Modelling arts professionals’ wellbeing and career intentions within the context of COVID-19

Spiro, N. and Shaughnessy, C. and Waddell, G. and Perkins, R. and Campbell, A. and Williamon, A. (2023) Modelling arts professionals’ wellbeing and career intentions within the context of COVID-19. PLOS One, 18 (10) (e0292722). ISSN 1932-6203 (online)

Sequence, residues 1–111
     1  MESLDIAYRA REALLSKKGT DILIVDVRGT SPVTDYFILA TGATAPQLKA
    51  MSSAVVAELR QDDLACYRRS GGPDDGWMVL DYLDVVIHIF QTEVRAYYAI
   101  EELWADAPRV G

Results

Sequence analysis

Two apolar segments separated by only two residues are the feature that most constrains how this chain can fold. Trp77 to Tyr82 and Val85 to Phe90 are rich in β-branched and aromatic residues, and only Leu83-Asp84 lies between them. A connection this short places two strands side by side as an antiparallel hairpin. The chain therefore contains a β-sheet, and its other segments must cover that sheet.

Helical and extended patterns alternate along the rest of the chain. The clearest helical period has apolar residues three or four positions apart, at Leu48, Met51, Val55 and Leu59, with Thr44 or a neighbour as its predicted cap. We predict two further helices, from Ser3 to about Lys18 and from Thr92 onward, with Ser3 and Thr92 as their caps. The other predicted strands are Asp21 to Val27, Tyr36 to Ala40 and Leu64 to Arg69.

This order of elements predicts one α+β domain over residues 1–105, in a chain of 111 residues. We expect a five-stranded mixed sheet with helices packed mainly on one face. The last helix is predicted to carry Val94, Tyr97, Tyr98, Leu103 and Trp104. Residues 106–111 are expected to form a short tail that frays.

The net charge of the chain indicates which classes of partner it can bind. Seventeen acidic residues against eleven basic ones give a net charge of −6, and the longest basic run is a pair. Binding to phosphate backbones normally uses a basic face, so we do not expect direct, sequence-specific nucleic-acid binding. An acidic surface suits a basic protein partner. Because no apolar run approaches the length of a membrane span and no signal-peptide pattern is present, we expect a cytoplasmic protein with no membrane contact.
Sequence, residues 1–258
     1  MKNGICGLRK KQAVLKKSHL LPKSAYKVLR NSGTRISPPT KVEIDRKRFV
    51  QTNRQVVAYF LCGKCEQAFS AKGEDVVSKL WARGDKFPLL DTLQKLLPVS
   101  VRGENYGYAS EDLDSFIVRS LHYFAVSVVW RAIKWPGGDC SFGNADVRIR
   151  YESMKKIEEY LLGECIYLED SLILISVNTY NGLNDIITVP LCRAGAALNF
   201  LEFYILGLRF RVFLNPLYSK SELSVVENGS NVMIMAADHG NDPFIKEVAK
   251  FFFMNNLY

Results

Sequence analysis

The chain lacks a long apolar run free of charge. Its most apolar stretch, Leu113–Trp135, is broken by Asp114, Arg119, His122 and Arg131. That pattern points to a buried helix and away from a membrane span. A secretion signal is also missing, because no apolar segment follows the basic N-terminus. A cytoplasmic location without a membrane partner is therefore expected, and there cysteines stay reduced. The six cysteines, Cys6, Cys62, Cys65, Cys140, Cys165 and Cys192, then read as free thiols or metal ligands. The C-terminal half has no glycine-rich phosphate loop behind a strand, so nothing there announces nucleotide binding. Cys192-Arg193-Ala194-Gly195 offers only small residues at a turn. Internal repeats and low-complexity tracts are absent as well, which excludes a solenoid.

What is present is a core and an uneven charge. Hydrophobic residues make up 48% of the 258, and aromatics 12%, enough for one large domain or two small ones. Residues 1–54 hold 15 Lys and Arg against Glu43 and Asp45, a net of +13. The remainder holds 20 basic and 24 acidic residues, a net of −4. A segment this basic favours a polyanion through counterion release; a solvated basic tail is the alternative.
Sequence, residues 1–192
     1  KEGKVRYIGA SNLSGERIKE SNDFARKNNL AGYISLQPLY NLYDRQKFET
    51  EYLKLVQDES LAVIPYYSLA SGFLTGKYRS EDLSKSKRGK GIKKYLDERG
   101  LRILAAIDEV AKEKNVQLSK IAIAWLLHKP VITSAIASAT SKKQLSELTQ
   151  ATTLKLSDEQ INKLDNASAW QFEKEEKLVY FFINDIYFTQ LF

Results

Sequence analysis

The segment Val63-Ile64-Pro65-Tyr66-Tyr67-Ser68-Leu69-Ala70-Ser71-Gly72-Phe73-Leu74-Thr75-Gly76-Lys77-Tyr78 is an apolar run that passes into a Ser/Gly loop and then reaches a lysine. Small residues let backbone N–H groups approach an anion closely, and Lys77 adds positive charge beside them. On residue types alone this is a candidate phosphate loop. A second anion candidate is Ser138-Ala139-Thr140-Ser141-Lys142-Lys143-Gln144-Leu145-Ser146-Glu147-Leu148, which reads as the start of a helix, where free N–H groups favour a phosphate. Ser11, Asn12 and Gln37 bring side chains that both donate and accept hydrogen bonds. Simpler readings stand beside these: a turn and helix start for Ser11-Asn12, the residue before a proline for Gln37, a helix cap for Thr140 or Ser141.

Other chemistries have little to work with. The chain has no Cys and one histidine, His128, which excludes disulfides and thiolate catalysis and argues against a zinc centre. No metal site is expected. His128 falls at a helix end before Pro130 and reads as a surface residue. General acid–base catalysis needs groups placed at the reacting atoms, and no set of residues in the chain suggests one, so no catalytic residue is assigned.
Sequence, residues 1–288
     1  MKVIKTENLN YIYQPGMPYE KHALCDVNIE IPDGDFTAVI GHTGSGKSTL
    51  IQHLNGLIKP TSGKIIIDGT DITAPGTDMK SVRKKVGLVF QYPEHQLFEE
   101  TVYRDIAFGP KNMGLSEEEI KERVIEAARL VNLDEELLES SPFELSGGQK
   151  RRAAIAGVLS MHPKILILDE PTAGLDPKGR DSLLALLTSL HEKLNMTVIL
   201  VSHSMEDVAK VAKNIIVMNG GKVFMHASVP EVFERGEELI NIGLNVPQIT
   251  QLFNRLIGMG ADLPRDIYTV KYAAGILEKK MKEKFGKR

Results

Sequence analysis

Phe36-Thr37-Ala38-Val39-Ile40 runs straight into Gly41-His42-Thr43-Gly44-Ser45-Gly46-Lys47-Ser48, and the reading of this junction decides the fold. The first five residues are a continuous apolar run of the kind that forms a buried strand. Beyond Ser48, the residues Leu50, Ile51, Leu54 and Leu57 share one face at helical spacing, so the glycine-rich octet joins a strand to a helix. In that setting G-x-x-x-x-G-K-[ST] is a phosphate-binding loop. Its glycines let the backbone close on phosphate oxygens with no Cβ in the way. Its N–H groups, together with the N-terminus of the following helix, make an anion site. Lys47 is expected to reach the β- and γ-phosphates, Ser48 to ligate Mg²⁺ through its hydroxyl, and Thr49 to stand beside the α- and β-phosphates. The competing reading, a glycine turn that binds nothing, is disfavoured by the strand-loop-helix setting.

The COVID-19 pandemic had a substantial effect on the creative and cultural industries in the United Kingdom (UK), as seen in our first snapshot of the HEartS Professional Survey (April–June 2020, Phase 1, N = 358). By analysing data collected one year later (April–May 2021, Phase 2, N = 685), the aims of the current study are to trace the contributors to (1) arts professionals’ mental and social wellbeing and (2) their expectations of staying in the arts. Findings show that artists continued to experience challenges in terms of finances, and mental and social wellbeing. Over half of the respondents reported financial hardship (59%), and over two thirds reported being lonelier (64%) and having increased anxiety (71%) than before the pandemic. Hierarchical multiple linear regression models, using the Mental Health Continuum-Short Form, Center for Epidemiologic Studies Depression Scale, Social Connectedness Scale, and Three-Item Loneliness Scale as outcome variables, indicate that perceived financial hardship continued to be associated with higher depression and loneliness scores. As in our first study, more physical activity before lockdown was associated with higher wellbeing and social connectedness scores, and higher self-rated health scores were associated with higher wellbeing and lower depression scores. Similarly, increases in physical activity during lockdown, as well as older age, were still associated with higher wellbeing and social connectedness scores and with lower depression and loneliness scores. An ordinal logistic regression model indicated three contributors to artists’ professional expectations of remaining in the arts: greater proportion of income from the arts pre-pandemic, continued maintenance of skills, and greater proportion of freelance work. The results suggest that the wellbeing patterns observed at the start of the pandemic remained consistent a year on. They point to possible strategies to support wellbeing and underline the importance of finances for expectations of remaining in arts professions.

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